Appalachian Voices is pleased to announced the appointment of Willa Coffey Mays as our new executive director.
Mays brings 20 years of experience working with non-profit organizations, ten of those with groups focused on the environment, working in marketing, fundraising, leadership, and program development.
“To have an executive director with the breadth of experience and knowledge such as Willa Mays has is nothing short of a blessing for Appalachian Voices,” said the organization’s Campaign Director Lenny Kohm.
Mays’ work with non-profit groups has taken her to North Carolina, Virginia, Montana, Idaho and Wyoming, and she has been involved with organizations as diverse as the Blue Ridge Parkway Foundation and the Greater Yellowstone Coalition.
“Appalachian Voices has a great reputation and it is an honor to be ED,” Mays said. “More than that, it is a pleasure to lead a group of talented and totally dedicated individuals who are working for something outside themselves.”
Mays graduated from college with a BA in Psychology, and earned a dual Masters degrees in Business and Healthcare Administration at Pfeiffer University in Charlotte, NC.
Her first foray into environmental work took place at the beginning of her career, with High Point NC’s Keep America Beautiful campaign. During her year with the organization, she developed the city’s first newspaper-recycling program and a “keep your butts off the street” campaign to address the problems of cigarette littering.
After ten years working in a non-profit health care organization, where she honed fundraising, development, and leadership skills, Mays moved to Bozeman, Montana, to work for the Greater Yellowstone Coalition, an environmental advocacy organization that works to promote and preserve the ecosystem of the Yellowstone region. Mays led fundraising, marketing, communications, and membership efforts for the coalition, successfully designing and managing a $3 million “green” headquarters capital campaign and increasing the organization’s membership from 8,500 to 13,000 in just three years.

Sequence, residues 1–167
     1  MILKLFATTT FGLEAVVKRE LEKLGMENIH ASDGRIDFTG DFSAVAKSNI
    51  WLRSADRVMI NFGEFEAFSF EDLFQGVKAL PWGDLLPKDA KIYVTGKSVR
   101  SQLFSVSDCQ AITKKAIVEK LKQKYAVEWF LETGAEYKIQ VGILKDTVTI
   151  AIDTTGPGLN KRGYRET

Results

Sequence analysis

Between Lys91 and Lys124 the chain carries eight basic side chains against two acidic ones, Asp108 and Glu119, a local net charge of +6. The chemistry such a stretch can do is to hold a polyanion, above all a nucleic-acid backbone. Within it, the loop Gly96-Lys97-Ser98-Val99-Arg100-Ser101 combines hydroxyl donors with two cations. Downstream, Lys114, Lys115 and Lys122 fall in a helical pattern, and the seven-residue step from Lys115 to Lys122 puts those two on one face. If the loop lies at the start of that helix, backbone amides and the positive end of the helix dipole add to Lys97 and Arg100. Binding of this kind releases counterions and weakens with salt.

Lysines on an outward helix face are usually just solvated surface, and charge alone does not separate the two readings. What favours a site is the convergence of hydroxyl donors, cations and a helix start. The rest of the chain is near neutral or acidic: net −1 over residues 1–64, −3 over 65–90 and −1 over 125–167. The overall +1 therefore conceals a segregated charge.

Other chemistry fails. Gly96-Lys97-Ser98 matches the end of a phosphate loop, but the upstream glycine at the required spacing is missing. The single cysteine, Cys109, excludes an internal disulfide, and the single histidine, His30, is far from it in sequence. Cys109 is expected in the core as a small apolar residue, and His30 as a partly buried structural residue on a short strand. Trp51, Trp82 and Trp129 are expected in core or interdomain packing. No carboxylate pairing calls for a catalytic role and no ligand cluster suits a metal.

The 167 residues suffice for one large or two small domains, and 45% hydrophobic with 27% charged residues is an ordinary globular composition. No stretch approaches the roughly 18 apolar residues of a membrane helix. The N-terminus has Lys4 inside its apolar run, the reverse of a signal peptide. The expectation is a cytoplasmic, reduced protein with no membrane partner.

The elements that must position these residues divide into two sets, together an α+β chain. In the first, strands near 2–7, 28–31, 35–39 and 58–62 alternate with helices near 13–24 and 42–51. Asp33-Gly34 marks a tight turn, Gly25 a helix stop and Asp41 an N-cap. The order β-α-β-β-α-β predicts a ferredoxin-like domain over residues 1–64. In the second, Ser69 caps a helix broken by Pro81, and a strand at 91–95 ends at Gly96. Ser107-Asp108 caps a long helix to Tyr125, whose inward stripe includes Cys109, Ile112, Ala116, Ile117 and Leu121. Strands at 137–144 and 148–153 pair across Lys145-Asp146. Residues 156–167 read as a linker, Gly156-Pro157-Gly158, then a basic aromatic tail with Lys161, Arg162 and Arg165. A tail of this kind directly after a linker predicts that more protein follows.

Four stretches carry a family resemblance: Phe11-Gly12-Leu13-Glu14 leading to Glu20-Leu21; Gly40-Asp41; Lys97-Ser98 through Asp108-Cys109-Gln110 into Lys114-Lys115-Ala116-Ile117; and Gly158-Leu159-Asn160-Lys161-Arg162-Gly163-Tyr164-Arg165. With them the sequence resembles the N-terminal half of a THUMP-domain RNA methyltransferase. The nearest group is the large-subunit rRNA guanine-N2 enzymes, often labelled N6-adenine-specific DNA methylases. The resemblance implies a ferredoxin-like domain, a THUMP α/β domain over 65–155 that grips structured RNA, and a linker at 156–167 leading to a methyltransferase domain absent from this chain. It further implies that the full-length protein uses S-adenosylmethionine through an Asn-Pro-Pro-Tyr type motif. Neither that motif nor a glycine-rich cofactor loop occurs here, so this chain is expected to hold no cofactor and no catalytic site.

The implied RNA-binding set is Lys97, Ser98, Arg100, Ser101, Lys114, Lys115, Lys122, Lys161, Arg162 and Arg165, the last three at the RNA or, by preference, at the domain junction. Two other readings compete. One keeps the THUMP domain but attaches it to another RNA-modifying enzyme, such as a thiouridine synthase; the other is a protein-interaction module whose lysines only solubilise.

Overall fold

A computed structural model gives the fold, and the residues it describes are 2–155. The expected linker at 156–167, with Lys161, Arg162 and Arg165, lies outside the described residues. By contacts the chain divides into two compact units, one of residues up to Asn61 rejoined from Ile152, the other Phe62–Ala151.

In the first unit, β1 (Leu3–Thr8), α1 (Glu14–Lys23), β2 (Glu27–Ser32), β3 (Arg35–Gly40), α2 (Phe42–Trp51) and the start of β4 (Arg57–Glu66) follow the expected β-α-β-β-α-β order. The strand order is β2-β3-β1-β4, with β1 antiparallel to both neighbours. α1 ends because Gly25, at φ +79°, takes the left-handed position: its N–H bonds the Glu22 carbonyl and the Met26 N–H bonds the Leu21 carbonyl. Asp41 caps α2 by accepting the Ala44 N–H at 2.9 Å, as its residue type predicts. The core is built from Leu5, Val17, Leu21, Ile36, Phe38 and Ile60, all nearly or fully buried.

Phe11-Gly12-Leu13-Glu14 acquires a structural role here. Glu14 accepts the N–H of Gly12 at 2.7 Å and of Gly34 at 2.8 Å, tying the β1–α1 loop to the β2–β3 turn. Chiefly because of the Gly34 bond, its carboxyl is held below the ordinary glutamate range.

She also headed the initial fundraising and community organizing efforts for the Snake River Wild and Scenic Campaign, a project that culminated in the river receiving conservation protection when President Barack Obama added 387 miles of the Snake River to the Wild and Scenic Rivers System this past March.
Mays was deeply influenced by theologian and ecologist Thomas Berry, and visited with him in Greensboro in 2004. “He was a saint with a deep environmental ethic,” Mays said. “At that time he was deeply engrossed in a paper he was writing about animal rights. There are those people who think about the big picture…who are idealistic and seek a higher path.”
In 2005, Mays returned to North Carolina to serve as Assistant Director of the Catawba College Center for the Environment (CCCE) in Salisbury, NC. While at Catawba, she tripled the division’s membership and income in just two years, and created the EcoXplorers Club for parents and children. She also organized and led regional conferences addressing air quality, recycling, and leadership challenges, and developed the highly successful Environmental Studies Alumni Association.
In 2007, Mays accepted a position as Director of Development at the Blue Ridge Parkway Foundation, a job which was more in line with the conservation and advocacy work she had done with Greater Yellowstone Coalition. At the Foundation, Mays worked with the National Park Service, partners, donors, and foundations to generate the annual $1.2 million budget, providing vital funding for Blue Ridge Parkway projects and programs that would otherwise go unfunded.
“We were really fortunate to hire Willa,” said Matt Wasson, Director of Programs at Appalachian Voices. “She’s the right person at the right time to take Appalachian Voices to the next stage. Under Willa’s leadership, I think we’ll have a greater focus not just on stopping the bad things that are happening, but on getting out into communities and making good things happen, like developing green jobs and renewable energy.”
Mays’ primary motivation is simple, she says. “I really care, and I’ve always been mystified when others don’t seem to care. Fine people who live in the coalfields and have worked hard all their lives are losing their homes and quality of life for the greed of a few people who do not even live in the area they are obliterating…and the headlines are about what a celebrity did or didn’t wear…its amazing. When is it enough to grab the attention of the world? When others make it an issue… and that is exactly what we are doing at Appalachian Voices.”